With high-performance composites markets like aerospace and defense primed for major growth over the next few years, the need for skilled composite technicians in those markets will undoubtedly increase. To help manufacturers prepare for this trend, earlier this year ACMA expanded its Certified Composites Technician (CCT) program to include a new course that allows professionals to become certified in “Advanced Composites.” Because the learning curve for advanced manufacturing processes, such as vacuum bagging and autoclave, is steeper than it is for traditional FRP processes, for the first time in the nearly 20-year history of CCT, ACMA is requiring enrollees in the program to gain prerequisite knowledge prior to certification in the new program.
That’s no surprise to Lou Dorworth, direct services manager at Abaris Training Resources Inc., which became an ACMA Affinity Program partner a few years ago to bridge the training gap between GFRP- and CFRP-intensive processes. Dorworth, an industry veteran since 1978, says with the aerospace industry transitioning to more thermoplastic composites, the skill sets employers need are becoming increasingly complex.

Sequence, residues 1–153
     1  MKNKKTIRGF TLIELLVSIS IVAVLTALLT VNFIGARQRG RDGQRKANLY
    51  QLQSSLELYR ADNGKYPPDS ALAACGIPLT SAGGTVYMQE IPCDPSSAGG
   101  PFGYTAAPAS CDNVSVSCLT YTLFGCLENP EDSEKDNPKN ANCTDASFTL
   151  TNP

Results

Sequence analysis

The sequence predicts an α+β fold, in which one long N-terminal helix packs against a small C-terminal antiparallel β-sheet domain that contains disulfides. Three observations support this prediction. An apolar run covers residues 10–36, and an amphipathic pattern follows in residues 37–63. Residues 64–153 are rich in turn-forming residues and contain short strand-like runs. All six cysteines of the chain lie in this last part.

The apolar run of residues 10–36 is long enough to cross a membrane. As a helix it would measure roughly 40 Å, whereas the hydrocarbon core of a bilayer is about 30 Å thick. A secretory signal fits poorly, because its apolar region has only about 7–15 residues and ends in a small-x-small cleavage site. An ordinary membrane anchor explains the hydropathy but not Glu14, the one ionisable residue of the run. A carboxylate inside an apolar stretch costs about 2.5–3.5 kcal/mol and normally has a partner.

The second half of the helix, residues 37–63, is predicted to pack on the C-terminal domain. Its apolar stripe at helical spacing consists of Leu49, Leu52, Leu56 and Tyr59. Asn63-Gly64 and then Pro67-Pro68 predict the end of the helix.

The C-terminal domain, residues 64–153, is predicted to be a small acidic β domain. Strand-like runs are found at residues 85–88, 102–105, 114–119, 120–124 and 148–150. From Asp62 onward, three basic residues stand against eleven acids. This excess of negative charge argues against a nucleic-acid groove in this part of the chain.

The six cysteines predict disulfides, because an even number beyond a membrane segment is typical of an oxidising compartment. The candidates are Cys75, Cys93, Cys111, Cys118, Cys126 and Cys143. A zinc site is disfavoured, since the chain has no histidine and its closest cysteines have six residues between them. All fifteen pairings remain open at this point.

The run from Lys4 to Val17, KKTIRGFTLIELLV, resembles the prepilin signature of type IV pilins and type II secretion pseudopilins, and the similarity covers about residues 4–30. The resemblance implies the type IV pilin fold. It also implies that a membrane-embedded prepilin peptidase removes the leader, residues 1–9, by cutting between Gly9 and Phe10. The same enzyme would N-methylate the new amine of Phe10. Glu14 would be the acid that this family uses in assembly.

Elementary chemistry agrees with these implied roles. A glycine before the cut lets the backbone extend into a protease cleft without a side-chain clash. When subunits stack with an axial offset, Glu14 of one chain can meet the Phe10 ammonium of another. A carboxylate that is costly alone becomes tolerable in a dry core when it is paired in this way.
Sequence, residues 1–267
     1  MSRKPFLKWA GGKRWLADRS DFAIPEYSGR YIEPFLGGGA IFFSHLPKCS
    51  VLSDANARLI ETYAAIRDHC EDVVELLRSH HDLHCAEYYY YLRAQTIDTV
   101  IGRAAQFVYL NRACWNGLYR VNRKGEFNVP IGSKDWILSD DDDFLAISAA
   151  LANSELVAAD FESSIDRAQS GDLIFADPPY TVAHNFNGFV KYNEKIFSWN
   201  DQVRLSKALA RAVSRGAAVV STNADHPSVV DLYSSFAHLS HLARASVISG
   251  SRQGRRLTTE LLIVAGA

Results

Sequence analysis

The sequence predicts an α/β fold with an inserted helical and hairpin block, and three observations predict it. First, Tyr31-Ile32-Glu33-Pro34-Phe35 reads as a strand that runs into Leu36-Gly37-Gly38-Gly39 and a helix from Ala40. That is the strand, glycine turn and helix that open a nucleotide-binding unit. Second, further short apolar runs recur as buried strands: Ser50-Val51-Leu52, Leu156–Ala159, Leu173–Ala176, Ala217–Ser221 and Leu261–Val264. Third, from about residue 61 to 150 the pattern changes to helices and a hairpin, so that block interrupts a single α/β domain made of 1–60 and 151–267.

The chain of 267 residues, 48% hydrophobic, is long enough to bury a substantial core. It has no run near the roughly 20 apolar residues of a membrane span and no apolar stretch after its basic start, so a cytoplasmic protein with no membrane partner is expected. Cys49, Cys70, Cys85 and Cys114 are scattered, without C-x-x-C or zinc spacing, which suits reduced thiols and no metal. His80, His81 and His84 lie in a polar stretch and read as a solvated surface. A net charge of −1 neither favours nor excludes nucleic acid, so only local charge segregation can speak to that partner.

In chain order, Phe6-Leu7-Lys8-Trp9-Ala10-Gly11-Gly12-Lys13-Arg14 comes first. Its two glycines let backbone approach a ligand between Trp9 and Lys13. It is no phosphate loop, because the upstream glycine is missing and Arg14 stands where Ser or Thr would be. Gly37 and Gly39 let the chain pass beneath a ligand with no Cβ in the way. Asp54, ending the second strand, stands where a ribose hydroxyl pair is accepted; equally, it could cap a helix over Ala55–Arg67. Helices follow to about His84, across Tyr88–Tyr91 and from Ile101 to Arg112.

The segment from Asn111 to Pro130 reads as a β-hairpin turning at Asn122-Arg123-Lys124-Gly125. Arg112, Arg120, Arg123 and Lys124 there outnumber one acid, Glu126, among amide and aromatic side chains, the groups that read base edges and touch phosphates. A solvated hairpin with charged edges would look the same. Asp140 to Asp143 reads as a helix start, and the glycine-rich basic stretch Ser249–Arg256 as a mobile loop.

“What I’m seeing now is a real interest in being able to manufacture more quickly and with techniques that are more aligned with fabrication rather than with deep processing, which thermosets require,” says Dorworth. “But I think we’re going to see more and more demand for training [in thermoplastics] starting with … basic classes like we did with thermosets back in the ‘80s and ramping up to full-scale fabrication training events.”
But for that to happen, companies like Abaris need to be fully equipped with the resources to train high-performance composite technicians properly. That’s why the company decided this summer to move its east coast operations from its facility at Atlanta Aerospace Composites to the Composite Prototyping Center (CPC) in Plainview, N.Y. The CPC, Dorworth says, gives Abaris access to advanced technology it did not have available for trainees in Georgia, such as automated fiber placement robots for thermoset and thermoplastic designs, large autoclaves, RTM and VARTM systems, and CNC routers with five-axis alignment verification systems for cutting, milling and machining. In return, Abaris brings expertise in prepreg manufacturing, wet layup, tooling, adhesive bonding and composite repair to CPC.
Abaris and CPC believe the Long Island region’s workforce development efforts will benefit from Abaris’ presence at CPC, as the area’s manufacturers will gain easy access to more advanced materials training programs, which will enable them to build a more proficient, skilled workforce able to work with composite materials. They believe that, in turn, will help position those manufacturers for greater subcontractor opportunities awarded by larger manufacturers.